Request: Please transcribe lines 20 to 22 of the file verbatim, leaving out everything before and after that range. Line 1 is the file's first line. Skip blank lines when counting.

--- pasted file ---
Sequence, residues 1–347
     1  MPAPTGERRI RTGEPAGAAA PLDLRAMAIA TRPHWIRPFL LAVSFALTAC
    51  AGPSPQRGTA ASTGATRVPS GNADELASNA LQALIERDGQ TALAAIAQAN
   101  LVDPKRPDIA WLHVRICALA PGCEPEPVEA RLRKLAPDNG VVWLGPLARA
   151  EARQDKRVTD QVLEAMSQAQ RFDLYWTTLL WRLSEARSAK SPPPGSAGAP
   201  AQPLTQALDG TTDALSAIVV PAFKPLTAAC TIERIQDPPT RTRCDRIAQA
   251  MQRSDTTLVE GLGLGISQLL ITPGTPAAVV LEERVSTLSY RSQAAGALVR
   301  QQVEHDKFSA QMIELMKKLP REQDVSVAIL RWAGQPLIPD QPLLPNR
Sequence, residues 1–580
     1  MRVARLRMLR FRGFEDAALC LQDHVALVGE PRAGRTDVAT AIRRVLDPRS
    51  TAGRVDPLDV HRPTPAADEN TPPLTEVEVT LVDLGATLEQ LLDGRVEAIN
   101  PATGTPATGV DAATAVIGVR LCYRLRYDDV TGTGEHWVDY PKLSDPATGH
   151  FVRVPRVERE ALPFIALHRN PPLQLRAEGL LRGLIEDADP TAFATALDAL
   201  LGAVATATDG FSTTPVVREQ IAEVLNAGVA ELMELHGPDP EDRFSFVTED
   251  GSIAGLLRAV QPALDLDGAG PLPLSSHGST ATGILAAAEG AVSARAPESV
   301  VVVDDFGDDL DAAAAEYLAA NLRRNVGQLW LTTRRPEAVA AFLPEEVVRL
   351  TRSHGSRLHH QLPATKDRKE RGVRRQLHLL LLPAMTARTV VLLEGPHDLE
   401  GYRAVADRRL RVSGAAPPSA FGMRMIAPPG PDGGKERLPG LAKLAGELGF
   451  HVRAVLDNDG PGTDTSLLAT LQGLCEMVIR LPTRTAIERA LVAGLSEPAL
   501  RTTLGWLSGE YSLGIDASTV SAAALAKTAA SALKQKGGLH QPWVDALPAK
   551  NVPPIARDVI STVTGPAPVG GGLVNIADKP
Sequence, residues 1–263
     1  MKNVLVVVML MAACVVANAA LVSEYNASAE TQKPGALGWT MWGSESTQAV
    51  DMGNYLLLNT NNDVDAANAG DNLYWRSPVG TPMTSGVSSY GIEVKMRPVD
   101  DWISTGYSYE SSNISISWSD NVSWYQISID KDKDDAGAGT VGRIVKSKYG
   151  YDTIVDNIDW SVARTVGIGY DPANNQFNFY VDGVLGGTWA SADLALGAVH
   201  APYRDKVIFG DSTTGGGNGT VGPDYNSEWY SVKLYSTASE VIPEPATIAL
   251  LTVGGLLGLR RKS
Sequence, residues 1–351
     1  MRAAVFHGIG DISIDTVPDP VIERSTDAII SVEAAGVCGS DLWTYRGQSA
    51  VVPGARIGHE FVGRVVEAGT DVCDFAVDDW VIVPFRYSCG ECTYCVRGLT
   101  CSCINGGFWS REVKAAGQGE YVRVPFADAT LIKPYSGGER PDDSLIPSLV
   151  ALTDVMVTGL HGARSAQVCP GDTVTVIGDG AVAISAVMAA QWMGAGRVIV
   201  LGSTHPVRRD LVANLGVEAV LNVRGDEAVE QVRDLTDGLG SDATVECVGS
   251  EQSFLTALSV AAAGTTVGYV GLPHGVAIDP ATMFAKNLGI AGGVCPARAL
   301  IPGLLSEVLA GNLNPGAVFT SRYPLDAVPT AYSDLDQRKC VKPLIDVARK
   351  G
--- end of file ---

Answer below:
   501  RTTLGWLSGE YSLGIDASTV SAAALAKTAA SALKQKGGLH QPWVDALPAK
   551  NVPPIARDVI STVTGPAPVG GGLVNIADKP
Sequence, residues 1–263